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Supreme Court will review legality of Biden's student loan forgiveness plan

The U.S. Supreme Court on Thursday said it will review the legality of President Joe Biden's federal student loan debt relief plan in expedited oral arguments scheduled for February.

The program, which would grant up to $20,000 in federal debt relief to student borrowers who make under a certain income, has been blocked by lower courts since November though the administration had planned to start rolling out cancellations by the end of this month after first announcing the plan in August.

The White House appealed the lower court decisions and asked the Supreme Court to vacate the injunctions that are stopping loan forgiveness from being disbursed.

Now that the high court has agreed to do so, borrowers can expect clarity on the fate of loan debt forgiveness by the end of June, when the Supreme Court's term ends and it issues the majority of its decisions. February's arguments are also likely to give insight into how the justices view the program.

No loans can be forgiven until the Supreme Court makes a decision and the justices rejected the administration's request to allow the program to proceed while the case plays out in court.

Twenty-six million people applied before the program was paused, according to the Department of Education, and 16 million peoples' applications were reviewed and authorized for relief -- though no loan cancellations were dispatched before court orders blocked the program.

The legal limbo poses a threat to Biden's pledge to cancel student loan debt for up to 43 million Americans. He first made such a promise during his 2020 presidential campaign and reiterated it during the 2022 midterm elections, when he repeatedly told crowds of supporters he believed was on solid legal ground and would win out over Republican attacks on the plan.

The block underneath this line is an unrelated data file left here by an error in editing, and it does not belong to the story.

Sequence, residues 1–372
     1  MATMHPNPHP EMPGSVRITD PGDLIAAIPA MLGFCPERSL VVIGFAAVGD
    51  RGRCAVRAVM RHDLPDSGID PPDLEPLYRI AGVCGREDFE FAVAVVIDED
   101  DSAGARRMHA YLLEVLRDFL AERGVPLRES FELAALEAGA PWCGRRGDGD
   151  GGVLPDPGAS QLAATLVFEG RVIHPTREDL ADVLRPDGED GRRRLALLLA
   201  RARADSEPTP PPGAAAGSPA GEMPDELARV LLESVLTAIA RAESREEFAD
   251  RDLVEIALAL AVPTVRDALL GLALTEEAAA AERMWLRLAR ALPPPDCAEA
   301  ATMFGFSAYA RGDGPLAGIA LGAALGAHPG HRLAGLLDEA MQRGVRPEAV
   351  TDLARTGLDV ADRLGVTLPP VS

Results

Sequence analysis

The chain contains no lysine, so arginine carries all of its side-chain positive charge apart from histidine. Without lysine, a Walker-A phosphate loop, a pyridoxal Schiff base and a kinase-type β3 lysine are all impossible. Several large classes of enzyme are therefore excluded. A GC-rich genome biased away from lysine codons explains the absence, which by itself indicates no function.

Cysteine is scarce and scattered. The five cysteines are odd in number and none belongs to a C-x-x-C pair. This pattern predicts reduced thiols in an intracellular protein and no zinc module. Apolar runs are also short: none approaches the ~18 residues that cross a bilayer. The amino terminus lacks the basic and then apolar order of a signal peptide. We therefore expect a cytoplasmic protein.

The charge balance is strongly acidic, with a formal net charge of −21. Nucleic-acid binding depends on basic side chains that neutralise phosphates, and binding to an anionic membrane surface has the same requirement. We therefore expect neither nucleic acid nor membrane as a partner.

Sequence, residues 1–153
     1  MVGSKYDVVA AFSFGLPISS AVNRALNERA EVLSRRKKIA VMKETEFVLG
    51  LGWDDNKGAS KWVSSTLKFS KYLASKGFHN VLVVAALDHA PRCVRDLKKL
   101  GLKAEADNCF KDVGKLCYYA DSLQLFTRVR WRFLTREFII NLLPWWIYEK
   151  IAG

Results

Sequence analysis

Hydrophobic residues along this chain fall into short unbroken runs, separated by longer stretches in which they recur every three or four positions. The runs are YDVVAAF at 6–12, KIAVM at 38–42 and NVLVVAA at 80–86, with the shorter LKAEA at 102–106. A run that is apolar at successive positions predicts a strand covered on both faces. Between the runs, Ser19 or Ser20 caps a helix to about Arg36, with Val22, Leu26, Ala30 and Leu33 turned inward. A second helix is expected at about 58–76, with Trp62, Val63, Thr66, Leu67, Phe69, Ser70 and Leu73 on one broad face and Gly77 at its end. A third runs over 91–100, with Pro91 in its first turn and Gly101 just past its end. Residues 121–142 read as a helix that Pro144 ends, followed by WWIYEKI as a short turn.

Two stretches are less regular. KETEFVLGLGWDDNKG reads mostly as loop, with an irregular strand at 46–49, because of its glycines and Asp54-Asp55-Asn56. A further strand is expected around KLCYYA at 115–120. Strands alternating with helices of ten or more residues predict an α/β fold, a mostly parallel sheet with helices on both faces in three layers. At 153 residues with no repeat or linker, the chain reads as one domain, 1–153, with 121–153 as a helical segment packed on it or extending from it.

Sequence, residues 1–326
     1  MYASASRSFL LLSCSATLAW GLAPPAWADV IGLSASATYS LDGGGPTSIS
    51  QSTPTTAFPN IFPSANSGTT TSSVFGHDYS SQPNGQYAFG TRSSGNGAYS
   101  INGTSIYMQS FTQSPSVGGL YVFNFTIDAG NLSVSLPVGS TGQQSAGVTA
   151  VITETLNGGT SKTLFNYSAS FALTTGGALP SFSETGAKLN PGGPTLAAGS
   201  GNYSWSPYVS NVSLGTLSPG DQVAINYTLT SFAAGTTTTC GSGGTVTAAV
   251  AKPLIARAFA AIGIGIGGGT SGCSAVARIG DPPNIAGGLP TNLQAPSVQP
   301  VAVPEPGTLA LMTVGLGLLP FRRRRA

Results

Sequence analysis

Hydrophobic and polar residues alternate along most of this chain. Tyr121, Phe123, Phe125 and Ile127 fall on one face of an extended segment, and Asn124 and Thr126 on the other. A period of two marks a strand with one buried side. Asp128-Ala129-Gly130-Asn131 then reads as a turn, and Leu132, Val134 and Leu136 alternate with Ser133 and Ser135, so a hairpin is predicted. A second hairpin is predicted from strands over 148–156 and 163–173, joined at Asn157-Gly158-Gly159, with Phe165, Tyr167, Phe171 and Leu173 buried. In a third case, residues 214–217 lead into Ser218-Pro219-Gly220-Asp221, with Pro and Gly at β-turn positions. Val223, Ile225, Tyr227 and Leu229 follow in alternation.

Conservatives and other critics said loan debt forgiveness was beyond the power of a president and penalized those people who either didn't take out loans or who had paid them off.

PHOTO: Graduates line up during commencement ceremony in Mansfield, N.J., June 18, 2010.

Graduates line up during commencement ceremony in Mansfield, N.J., June 18, 2010.

Getty Images, FILE

"As soon as I announced my administration’s plan on student debt, they started attacking it, saying all kinds of things. Their outrage is wrong and it’s hypocritical," Biden said in late October at a rally at Delaware State University. "We’re not letting them get away with it."

But while early court cases against the program were thrown out for lack of standing -- that is, for lack of someone or some entity showing they were harmed by it -- subsequent challenges were more successful. An appeals court in Missouri and a district court in Texas, in two separate cases, ruled that the program was unlawful and an overreach of the Biden administration's powers.

Those decisions left the program in a precarious position just as student loan payments were set to restart for the first time in nearly two years, after a lengthy COVID-19 pandemic pause, and student loan advocacy groups successfully lobbied the Biden administration to stave off loan repayments yet again.

Payments will not begin again until the fate of the program is decided, Biden announced in late November -- a change from earlier plans to end the moratorium on loan payments once and for all on Jan. 1.

Student loan payments will resume either 60 days after the Supreme Court issues a decision on the relief program, Biden said, or 60 days after June 30 -- whichever comes first.

“Callous efforts to block student debt relief in the courts have caused tremendous financial uncertainty for millions of borrowers who cannot set their family budgets or even plan for the holidays without a clear picture of their student debt obligations, and it’s just plain wrong,” Secretary of Education Miguel Cardona said in a November statement announcing the extension on the moratorium.

“We’re extending the payment pause because it would be deeply unfair to ask borrowers to pay a debt that they wouldn’t have to pay, were it not for the baseless lawsuits brought by Republican officials and special interests," he said then.

This is a developing story. Please return for updates.